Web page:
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Sixty-five (still) saves lives [Editorial]

Here's a number that ought to be memorized by every elected official in the state of Maryland: 485. That's how many people died in traffic collisions in 2011 in this state (the most recent year for which such statistics are available from the National Highway Traffic Safety Administration). That's the equivalent of about 10 full motor coaches.

Yet the number that's being discussed these days in the General Assembly is 70. That's how fast, in miles per hour, some believe motorists should be allowed to drive on certain state highways, and under the circumstances, it's more than a little surprising that raising the speed limit is even on the legislative agenda.

The most sweeping proposal would grant the Maryland State Highway Administration the authority to set a 70 mph speed limit instead of the 65 mph, the current maximum allowed under law. Another would specifically raise the limit to 70 mph on Interstate 68 in Western Maryland. And a third would allow the motorists on the Intercounty Connector to drive at 65 mph instead of the current 60 mph (despite its limit having been raised from 55 mph just last year).

Most states allow 70 mph highways, but Maryland does not. And there's a very good reason for why proposals to raise the limit have been beaten back before — they make the roads more dangerous and raise the risk of a fatal collision.

Can five miles per hour really make that much difference? Certainly not in terms of convenience. Even a motorist driving the full length of I-68 would only save a matter of minutes if allowed to drive 7.6 percent faster. It's stretches the imagination to suggest that the region would somehow enjoy some economic benefit from such a modest change.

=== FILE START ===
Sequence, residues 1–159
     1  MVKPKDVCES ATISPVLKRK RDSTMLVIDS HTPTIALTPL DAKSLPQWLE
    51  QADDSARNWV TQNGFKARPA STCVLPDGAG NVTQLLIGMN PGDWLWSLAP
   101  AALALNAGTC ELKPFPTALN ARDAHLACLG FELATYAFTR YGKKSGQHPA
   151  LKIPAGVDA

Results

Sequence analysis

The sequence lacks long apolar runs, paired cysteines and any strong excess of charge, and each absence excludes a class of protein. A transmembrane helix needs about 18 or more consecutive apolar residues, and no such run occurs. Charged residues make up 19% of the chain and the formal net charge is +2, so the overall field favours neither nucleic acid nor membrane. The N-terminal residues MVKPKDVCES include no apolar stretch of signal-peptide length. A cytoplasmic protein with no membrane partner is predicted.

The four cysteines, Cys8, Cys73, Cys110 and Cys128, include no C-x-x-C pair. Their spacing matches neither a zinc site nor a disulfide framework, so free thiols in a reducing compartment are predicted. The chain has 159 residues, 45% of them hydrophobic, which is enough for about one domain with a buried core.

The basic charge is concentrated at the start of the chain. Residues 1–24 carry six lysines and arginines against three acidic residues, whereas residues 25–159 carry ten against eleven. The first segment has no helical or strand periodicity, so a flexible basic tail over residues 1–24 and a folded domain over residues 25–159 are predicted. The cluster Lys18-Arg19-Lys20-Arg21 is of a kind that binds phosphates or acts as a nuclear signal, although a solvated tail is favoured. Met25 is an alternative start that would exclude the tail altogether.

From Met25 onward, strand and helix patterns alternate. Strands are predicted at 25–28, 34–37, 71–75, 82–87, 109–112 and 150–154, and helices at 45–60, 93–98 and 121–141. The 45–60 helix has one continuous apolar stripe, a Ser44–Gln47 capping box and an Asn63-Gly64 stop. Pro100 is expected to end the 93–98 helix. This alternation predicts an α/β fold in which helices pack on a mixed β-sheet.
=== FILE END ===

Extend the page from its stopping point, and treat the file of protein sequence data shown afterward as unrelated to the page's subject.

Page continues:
Unfortunately, however, the higher speed limit can have serious consequences for highway safety. A study by the American Journal of Public Health found that the decision in 1995 to repeal the national speed limit of 65 mph resulted in an estimated 12,545 more deaths on the highways related to higher state speed limits in the decade following the change.

Indeed, speed remains a critical factor in highway fatalities. As much as distracted driving has gotten much deserved attention of late, NHTSA estimates that speeding is a factor in more than 30 percent of crashes. Nationwide, that means speed helped claim 9,944 lives on the nation's roads in 2011.

In Maryland, that translates to 142 of those 485 lives lost. Only alcohol is a more important factor in fatal crashes.

Supporters of the higher speed limit will, of course, offer the usual reduction to absurdity argument that Maryland's roads would be even safer if the maximum speed limit was set at 45 mph or even 30 mph. But that's not on the table, and such silliness ignores the serious real-world behavior of drivers who use a 65 mph limit to justify going 70 or even 75.

Traffic engineers use a general rule that speed limits ought to be set at the so-called 85th percentile — the number at which 85 percent of motorists believe it is safe to drive a particular stretch of road under ideal conditions. In theory, that minimizes large differentials between motorists (someone going 20 mph faster than someone else, for example) that can contribute to accidents.

That the SHA didn't outright oppose the 70-mph speed limit legislation was apparently due to how the state agency would still retain the ability to set speed limits under the 85th percentile rule. But we would argue that Maryland is such a small state that the 70 mph rule offers too little benefit to bother. The evidence that speed kills is too overwhelming to debate one segment of interstate here or there — even in the rural areas.

There are other reasons to be against the higher speed limit, from the cost of the studies and new signs that would be required to the worsened vehicle fuel efficiency that comes with higher speeds (increasing U.S. dependence on foreign oil, incidentally), but safety ought to be the overriding concern for our elected officials. These are not just numbers but people's lives that hang in the balance, and what would we get in return for 70 mph roads? Not nearly enough to take such a risk.

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